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Raccoon Cafes Are a Thing in South Korea

You've heard of cat cafes, but this is something completely new—and a bit bizarre. 

When they weren't winning medals and rescuing dogs from dog meat farms, a few U.S. Olympic athletes spent their time in South Korea doing something a little different. The city of Seoul is a cultural experience with a lot to offer, but the local raccoon cafe called Blind Alley is a particular oddity.

The fact that it's unexpected is what attracts Korean locals and tourists alike.


Dog and cat cafes and coffee shops are a common sight in the U.S., but South Korea has taken this concept to another level. The raccoon cafe is a place in the city where people go to hang out with these adorably masked creatures. The animals—including a few dogs and a capybara—are kept in a closed-off room complete with tables, chairs, and an indoor jungle gym. Visitors to the cafe can purchase food and drinks and then take off their shoes and venture into the raccoon room. The owner, Han Song Hee, rescued the raccoons from a fur importer.

Olympic skier Gus Kenworthy called his unique experience to the cafe the highlight of his trip to PyeongChang, South Korea. That's right, the raccoons even beat out competing in the Winter Olympics. Kenworthy shared pictures of him and his boyfriend Matthew Wilkas on social media getting cuddly with the seemingly friendly forest animals.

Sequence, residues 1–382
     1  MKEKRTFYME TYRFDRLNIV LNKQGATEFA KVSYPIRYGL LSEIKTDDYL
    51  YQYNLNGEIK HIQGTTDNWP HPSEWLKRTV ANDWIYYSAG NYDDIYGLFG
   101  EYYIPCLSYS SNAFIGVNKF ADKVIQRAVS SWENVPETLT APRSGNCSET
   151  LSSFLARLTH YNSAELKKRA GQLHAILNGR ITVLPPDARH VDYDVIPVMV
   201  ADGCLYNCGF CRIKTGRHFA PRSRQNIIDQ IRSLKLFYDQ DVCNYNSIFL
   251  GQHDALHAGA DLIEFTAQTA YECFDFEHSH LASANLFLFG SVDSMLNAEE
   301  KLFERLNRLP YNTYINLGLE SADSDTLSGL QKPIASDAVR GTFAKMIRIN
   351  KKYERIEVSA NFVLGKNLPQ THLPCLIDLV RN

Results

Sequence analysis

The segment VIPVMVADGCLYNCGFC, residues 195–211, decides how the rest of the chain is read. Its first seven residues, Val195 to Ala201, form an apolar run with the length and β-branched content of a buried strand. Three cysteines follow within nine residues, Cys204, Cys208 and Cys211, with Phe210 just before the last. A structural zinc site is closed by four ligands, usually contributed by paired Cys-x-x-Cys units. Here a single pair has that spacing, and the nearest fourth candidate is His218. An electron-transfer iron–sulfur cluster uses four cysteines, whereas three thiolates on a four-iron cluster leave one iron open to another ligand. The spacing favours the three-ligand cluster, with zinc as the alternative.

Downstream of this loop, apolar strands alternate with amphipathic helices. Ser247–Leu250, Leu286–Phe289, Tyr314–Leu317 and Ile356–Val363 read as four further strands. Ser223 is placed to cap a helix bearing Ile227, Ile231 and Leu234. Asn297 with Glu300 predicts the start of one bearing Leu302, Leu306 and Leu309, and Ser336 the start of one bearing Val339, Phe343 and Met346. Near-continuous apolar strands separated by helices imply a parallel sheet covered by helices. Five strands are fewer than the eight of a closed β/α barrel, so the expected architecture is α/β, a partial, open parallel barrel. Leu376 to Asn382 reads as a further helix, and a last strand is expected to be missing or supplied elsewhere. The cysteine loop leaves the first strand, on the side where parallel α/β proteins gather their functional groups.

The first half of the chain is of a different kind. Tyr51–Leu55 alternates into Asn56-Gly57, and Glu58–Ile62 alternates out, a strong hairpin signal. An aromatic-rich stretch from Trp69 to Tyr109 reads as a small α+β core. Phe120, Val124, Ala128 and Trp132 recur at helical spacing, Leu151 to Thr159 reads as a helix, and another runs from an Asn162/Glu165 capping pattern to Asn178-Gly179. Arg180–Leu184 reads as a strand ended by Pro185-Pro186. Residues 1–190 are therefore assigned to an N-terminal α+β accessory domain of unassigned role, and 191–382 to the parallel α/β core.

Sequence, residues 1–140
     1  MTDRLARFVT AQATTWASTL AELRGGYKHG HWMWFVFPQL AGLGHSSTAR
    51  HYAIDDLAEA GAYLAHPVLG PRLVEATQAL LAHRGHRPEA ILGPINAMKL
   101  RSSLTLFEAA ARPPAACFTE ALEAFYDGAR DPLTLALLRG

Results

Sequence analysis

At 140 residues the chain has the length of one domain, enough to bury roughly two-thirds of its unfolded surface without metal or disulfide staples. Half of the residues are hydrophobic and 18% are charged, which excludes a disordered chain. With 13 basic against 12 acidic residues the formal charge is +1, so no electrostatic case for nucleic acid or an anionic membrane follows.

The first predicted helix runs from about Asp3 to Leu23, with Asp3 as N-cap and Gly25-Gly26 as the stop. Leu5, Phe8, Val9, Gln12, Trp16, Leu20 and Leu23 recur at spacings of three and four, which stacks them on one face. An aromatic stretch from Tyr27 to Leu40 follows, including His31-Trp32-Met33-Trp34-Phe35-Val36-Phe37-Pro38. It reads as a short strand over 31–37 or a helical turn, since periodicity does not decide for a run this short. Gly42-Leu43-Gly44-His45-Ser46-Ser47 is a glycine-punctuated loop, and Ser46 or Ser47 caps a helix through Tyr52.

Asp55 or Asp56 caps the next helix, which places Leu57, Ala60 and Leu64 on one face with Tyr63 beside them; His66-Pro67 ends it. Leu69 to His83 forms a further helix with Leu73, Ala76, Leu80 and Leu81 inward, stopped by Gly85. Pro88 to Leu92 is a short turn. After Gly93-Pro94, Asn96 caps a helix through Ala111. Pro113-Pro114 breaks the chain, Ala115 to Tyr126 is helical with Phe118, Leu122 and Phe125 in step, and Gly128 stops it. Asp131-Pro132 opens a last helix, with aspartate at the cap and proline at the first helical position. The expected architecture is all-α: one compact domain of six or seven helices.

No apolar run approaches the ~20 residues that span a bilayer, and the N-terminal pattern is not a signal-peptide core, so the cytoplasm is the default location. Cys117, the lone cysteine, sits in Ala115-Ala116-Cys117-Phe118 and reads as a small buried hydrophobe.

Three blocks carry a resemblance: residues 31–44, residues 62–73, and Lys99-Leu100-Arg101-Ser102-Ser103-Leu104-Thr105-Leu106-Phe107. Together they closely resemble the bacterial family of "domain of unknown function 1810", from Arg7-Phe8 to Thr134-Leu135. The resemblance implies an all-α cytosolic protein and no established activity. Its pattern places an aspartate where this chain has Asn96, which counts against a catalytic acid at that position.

While pictures are cute and the idea of spending time with cute raccoons sounds appealing, not everyone is on board with the concept of a raccoon cafe. Unlike cats and dogs, raccoons aren't domesticated animals. They live in the wild and aren't native to Asia. While some people see happy raccoons enjoying life and meeting new friends, others see a form of cruelty keeping the poor raccoons in an environment that doesn't match their specific needs.

There are signs posted around the cafe with basic rules and warning visitors that raccoons can bite so they shouldn't be fed outside food. They're also encouraged to respect the animals' personal space, but regulating that rule when people visit for the sole purpose of getting a selfie with a wild animal isn't always possible.

What do you think about South Korea's raccoon cafe? Let us know in the comments.

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